The only mention of Abbé Henri Breuil, a famous French prehistorian, in my undergraduate degree at Unisa, had been in connection with the ‘White Lady’ of the Brandberg in Namibia. Breuil had been maligned for what was widely viewed as a racist opinion, namely that the figure depicted a ‘white female’ and that because of its apparent sophistication the panel must have been painted by foreigners. In 2010, while on a rock art tour at the farm Anibib in the Erongo Mountains, Namibia, I was surprised that the guide kept referring to Abbé Breuil in connection with the paintings on the farm.
When I asked Martin Steppe, the manager/guide of the farm, where he was sourcing his information, he showed me a copy of Breuil’s 1960 publication Anibib and Omandumba West and other Erongo Sites, which features copies of rock art that he had traced there in 1948 and 1950 and then painted in water colour on his return to Johannesburg.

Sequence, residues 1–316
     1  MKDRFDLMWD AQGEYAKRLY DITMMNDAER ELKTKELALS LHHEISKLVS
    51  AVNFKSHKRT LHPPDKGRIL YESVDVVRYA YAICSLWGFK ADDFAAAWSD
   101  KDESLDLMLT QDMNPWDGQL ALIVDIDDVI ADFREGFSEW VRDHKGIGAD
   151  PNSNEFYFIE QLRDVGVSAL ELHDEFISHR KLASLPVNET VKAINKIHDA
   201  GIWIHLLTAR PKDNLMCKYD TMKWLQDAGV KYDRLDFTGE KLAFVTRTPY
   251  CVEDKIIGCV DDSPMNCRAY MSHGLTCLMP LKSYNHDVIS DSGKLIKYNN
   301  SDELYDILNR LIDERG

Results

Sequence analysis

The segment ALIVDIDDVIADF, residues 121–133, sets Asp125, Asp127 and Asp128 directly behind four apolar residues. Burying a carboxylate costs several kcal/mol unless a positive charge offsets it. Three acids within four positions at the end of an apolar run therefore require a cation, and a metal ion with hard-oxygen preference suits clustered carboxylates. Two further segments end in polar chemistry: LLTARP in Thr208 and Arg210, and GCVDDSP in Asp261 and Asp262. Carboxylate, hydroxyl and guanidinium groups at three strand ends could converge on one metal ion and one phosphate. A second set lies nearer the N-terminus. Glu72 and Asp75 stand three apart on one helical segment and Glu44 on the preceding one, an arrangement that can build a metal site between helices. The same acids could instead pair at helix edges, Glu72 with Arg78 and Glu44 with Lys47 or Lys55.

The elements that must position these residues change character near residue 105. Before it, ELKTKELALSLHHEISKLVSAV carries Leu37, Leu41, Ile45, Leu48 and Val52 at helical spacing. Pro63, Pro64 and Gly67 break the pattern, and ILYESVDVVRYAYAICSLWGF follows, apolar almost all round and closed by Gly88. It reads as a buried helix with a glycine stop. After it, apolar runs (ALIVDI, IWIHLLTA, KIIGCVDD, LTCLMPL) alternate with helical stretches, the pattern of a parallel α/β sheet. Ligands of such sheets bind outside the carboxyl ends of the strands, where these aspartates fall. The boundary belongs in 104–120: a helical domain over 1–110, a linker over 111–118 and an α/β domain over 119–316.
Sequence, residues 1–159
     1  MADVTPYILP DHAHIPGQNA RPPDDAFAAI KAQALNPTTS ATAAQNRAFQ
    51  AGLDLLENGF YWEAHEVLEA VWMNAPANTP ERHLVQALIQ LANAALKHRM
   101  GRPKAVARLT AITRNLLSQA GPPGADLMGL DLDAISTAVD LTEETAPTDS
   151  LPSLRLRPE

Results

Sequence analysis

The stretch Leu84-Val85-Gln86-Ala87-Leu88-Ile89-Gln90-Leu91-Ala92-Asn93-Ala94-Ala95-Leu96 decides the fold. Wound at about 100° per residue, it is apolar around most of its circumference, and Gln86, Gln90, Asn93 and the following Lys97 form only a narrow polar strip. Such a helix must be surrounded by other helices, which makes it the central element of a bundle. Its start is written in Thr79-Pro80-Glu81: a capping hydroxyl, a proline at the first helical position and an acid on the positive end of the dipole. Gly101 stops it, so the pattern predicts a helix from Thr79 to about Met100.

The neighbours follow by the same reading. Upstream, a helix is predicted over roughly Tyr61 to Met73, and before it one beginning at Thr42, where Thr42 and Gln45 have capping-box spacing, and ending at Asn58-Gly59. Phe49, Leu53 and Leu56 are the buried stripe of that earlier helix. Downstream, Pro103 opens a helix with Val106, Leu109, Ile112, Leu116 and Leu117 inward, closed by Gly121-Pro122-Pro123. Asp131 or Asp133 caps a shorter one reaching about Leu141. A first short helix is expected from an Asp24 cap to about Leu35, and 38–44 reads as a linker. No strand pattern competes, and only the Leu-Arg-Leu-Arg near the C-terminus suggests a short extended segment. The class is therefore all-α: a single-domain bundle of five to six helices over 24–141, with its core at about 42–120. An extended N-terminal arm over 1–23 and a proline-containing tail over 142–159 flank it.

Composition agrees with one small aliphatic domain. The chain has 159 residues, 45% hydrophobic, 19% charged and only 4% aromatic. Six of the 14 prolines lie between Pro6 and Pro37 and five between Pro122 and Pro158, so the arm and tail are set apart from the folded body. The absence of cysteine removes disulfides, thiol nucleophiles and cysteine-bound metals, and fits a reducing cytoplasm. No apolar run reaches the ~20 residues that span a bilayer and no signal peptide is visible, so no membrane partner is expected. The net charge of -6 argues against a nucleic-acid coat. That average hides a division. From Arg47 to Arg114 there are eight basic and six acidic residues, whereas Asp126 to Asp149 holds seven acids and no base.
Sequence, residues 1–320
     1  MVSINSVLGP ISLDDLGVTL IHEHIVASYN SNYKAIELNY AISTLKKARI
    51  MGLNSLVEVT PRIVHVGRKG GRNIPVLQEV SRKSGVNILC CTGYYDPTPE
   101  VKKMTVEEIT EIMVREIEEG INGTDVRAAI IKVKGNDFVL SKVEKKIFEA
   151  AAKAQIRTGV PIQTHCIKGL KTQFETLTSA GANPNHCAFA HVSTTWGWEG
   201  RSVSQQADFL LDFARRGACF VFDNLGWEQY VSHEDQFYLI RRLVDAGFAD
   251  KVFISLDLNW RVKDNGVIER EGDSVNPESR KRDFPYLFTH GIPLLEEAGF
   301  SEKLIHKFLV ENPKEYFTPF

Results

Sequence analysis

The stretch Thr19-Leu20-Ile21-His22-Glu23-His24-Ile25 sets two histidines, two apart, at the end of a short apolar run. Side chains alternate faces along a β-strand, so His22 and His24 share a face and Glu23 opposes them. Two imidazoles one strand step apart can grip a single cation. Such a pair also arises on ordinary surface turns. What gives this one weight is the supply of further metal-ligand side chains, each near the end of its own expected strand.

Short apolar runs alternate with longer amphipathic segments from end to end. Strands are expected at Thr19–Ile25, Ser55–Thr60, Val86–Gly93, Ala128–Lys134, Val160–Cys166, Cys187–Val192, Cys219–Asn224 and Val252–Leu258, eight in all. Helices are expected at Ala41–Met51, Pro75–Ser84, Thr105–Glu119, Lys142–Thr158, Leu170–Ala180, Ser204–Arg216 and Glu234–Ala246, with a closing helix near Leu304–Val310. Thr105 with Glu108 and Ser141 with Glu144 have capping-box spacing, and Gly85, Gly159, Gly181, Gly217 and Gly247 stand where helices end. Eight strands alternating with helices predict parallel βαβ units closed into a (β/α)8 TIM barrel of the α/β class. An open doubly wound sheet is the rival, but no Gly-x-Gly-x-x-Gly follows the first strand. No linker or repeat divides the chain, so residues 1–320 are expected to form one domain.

I chose to revisit some of Breuil’s Erongo work for my Honours thesis. I compared copies by other researchers as well as copies I made using an enhancement programme, Dstretch©, to try to determine what ‘accuracy’ in rock art entails and whether Breuil was successful.
My talk will be based on this research.
- Date: Saturday, September 15th at 10:30 am
- Venue: Phansi Museum, 500 Esther Roberts Road (cnr Cedar Road), Glenwood, Durban
- Coffee and tea will be available at the Phansi at own cost.